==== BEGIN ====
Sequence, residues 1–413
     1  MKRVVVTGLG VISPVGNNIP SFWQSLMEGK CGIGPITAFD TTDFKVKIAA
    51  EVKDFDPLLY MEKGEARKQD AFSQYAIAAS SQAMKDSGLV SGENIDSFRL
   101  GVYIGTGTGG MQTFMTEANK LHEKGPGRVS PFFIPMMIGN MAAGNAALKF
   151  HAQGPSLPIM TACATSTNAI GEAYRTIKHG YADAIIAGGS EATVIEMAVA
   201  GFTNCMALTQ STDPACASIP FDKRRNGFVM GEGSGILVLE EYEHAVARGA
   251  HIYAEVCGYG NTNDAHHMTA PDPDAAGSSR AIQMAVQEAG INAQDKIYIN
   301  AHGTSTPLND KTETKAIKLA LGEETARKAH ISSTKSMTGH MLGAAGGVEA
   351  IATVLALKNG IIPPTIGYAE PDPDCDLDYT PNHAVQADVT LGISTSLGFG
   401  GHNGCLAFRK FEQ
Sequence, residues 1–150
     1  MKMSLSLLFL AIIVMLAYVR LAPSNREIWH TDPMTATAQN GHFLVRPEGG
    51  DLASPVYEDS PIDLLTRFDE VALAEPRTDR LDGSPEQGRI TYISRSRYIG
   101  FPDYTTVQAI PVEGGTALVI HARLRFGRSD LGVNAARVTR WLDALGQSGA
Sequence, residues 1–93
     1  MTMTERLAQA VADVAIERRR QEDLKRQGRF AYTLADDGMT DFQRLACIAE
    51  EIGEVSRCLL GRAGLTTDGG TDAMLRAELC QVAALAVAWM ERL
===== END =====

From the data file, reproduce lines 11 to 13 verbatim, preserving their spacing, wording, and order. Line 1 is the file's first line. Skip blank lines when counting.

Sequence, residues 1–150
     1  MKMSLSLLFL AIIVMLAYVR LAPSNREIWH TDPMTATAQN GHFLVRPEGG
    51  DLASPVYEDS PIDLLTRFDE VALAEPRTDR LDGSPEQGRI TYISRSRYIG